Tuesday, October 23, 2012

Ideally, I should learn a new acronym every day (BCS and GIK)

I'm plugging along on the first draft of my book, and I just wrote a passage in which the dangers of acronyms are well illustrated. Acronyms can mean many different things to many different people. When someone uses an acronym to mean one thing, someone else may think it means a totally different thing, and therefore misinterprets what the first person is saying. As for the specific example...you'll have to wait for the book.

Unfortunately for me, the Breast Cancer Society of Mesa, Arizona does not appear to use the term BCS. But the Arizona charity does share one thing in common with the Bowl Championship Series - it's controversial.

Jim Ulvog has been writing a series of posts about gift-in-kind valuations and how they affect nonprofits. As for why gift-in-kind valuations are important, read this post for an example. The post describes how, because of an accounting standards change, donated medicine (in pill form) that was valued for accounting purposes at $9.07 per pill in one year was re-valued at $0.35 per pill in the following year.

Ulvog has written a number of posts about gift-in-kind valuations, and presumably his fingers get tired at times. For this reason, and because his posts are usually written for people with a background in non-profit accounting issues (needless to say, I'm an exception to this), Ulvog often uses the acronym "GIK" to refer to gift-in-kind valuations.

OK, maybe you have to be an accounting geek to understand GIK. But every line of business has its own acronyms, and yours is probably no exception.

What does this have to do with the Breast Cancer Society? Plenty, as Ulvog points out in another post. Ulvog summarizes the contents of a report that discusses the BCS (sorry, couldn't resist) and other charities, and notes the following:

Key data points for further analysis:

o 38M GIK revenue
o 14M raised by fundraising vendors

o 33M GIK expenses
o 12M fundraising costs

So for this particular charity, gifts in kind have a much higher value than fundraising activities. But that's because of the way that said gifts were valued. If the GIK were grossly overvalued, then the revenue raised by fundraising vendors, and the costs from fundraising expenses, would be much more significant.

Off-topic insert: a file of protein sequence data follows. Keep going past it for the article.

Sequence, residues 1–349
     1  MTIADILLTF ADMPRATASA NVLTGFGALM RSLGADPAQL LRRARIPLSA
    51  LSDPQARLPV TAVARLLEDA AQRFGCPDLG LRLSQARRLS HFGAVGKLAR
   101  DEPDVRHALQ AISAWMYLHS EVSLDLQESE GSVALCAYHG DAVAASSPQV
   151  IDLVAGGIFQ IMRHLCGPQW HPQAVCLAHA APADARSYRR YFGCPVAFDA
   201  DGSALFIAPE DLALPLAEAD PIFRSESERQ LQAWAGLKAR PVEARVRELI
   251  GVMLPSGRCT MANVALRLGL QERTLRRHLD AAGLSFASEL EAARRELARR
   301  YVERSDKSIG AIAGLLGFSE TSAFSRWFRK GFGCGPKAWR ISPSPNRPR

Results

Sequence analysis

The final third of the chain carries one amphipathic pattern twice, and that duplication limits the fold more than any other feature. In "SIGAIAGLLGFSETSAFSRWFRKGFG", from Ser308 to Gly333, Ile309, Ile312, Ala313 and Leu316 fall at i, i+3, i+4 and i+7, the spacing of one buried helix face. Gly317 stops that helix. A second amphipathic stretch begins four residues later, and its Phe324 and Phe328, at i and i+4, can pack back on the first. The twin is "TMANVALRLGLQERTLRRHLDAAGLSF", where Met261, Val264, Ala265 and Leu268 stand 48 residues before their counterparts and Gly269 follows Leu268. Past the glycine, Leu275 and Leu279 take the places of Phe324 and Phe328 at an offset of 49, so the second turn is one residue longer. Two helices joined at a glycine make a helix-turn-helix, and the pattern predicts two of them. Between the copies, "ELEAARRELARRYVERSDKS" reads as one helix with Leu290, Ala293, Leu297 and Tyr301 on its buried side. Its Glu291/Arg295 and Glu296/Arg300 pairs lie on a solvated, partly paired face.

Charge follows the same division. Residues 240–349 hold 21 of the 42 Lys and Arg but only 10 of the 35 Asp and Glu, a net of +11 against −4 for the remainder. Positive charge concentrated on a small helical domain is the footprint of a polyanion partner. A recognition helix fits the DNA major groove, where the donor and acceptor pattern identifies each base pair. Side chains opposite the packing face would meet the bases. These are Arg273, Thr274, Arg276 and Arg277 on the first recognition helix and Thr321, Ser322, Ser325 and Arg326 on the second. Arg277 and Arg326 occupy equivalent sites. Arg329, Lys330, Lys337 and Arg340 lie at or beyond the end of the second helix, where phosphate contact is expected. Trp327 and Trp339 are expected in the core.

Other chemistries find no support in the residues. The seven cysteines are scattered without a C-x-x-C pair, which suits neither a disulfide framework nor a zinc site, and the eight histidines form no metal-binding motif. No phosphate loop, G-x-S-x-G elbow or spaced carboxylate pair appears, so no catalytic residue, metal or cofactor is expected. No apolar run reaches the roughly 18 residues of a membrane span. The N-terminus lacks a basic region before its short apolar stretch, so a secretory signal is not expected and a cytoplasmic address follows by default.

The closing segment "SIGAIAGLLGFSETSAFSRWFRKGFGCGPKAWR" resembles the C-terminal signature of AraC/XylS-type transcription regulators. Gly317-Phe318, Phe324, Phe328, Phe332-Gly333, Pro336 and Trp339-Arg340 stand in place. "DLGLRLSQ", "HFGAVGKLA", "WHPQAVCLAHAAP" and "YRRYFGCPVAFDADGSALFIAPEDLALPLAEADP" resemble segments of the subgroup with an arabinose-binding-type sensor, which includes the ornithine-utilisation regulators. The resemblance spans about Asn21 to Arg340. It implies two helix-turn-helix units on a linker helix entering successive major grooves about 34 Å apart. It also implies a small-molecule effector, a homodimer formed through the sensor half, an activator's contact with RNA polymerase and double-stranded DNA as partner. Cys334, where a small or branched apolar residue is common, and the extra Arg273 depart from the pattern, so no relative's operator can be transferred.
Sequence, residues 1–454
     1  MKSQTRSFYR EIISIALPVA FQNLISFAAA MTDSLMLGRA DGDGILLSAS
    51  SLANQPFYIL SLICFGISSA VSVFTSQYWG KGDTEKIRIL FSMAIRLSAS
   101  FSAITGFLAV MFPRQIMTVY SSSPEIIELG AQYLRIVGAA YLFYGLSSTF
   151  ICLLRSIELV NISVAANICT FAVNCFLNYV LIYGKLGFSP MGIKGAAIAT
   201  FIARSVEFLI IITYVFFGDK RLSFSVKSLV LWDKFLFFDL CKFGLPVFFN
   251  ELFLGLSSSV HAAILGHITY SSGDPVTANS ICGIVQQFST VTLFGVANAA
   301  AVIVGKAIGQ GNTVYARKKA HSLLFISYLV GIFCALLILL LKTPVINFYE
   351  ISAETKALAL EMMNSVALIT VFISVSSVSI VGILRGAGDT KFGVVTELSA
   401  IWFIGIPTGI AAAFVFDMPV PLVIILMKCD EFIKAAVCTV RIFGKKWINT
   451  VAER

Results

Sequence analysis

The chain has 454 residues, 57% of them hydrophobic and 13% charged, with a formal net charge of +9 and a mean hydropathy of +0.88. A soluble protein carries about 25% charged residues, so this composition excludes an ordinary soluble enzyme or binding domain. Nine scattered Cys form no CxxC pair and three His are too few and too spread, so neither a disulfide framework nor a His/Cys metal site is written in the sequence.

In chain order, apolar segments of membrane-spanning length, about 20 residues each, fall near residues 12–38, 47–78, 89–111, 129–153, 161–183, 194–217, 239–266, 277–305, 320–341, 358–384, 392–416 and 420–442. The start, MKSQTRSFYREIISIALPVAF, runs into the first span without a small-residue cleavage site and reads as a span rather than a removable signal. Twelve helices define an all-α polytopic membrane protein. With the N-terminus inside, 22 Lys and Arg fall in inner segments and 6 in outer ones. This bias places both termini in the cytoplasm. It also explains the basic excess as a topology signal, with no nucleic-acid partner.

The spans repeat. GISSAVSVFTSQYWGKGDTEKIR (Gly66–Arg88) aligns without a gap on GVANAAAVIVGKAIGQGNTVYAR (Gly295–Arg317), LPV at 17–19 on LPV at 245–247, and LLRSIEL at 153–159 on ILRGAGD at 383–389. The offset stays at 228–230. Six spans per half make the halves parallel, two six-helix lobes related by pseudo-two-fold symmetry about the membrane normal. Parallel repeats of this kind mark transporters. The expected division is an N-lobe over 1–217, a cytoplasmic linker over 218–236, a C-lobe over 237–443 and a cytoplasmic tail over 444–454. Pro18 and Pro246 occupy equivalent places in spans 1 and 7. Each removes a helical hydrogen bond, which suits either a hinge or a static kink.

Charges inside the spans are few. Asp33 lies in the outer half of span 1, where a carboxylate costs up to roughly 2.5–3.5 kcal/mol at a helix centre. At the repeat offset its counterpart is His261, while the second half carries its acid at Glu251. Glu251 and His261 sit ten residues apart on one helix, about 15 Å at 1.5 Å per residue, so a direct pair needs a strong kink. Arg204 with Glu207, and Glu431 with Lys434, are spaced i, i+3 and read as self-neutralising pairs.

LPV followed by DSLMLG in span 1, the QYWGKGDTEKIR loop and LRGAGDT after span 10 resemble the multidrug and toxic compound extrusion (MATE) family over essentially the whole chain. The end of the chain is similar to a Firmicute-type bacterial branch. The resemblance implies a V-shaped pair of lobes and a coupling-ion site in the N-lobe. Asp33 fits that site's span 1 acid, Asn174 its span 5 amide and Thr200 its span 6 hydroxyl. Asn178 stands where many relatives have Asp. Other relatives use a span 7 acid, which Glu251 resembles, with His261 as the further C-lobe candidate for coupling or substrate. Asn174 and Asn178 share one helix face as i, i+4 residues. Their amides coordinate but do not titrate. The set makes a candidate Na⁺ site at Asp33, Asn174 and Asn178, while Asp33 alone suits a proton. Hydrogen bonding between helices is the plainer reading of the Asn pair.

Which brings us to this article (which, as you'll see, DOES use the acronym "BCS" to refer to the Breast Cancer Society). Here's an excerpt:

Borochoff says non-cash items like the ones BCS claimed in their tax returns are hard to track.

In the case of BCS, they are medicines and other items donated to the charity, and then sent to help people out of the country. The charity puts a value on them for tax purposes.

But Borochoff says they can be valued much higher than they are actually worth, making the charity appear to be more charitable than it really is.

“It's very convenient for the charities because they can hide not only what the goods are but who specifically receives them,” Borochoff said.

And BCS is not the only charity claiming millions in non-cash donations. The Internal Revenue Service recently fined a different charity for claiming it had given away $75 million in non-cash contributions that the IRS said were actually worth just $93,000.

Now the IRS, to my knowledge, has not fined BCS. But even a layperson such as myself can understand how questions about GIK valuations can have large ramifications.

From my layperson's perspective, it seems to be a very murky area. I performed a Google search for the words "gift in kind valuation," and in addition to a link to Ulvog's blog, I ran across a number of different pages, from a number of different non-profit organizations (such as universities), detailing each organization's procedures for valuing gifts in kind. I also found a page that mentioned a major issue - one that I have personally encountered when donating clothes, books, and other items to charities:

By law, non-profit organizations cannot provide a donor with the dollar value of an In-kind gift. Such valuations when applicable, relative to "fair market value" of In-Kind gifts, need to be professionally assessed and certified elsewhere—if they can be—and that is the responsibility of the donor. This certification subsequently needs to be resolved with the professionals and others who prepare the donor's tax forms—whose work in turn will need to be reconciled with IRS regulations.

Because my in-kind donations are not of the same order of magnitude as those from someone like Bill Gates, my personal solution for valuation of my in-kind gifts is fairly simple. First, I decide if the item in question is in excellent condition, good condition, fair condition, or poor condition. Second, I use the donations add-on that came with my tax software package to choose the value for the item.

When you're as big as the BMGF (Bill & Melinda Gates Foundation) or the BCS (Breast Cancer Society), things can get a little more complex.

And if an organization such as the one that the IRS fined is doing bad stuff, it's yet another example of the difference between the idealistic goals of an organization and the fallible human beings who actually run the organization.
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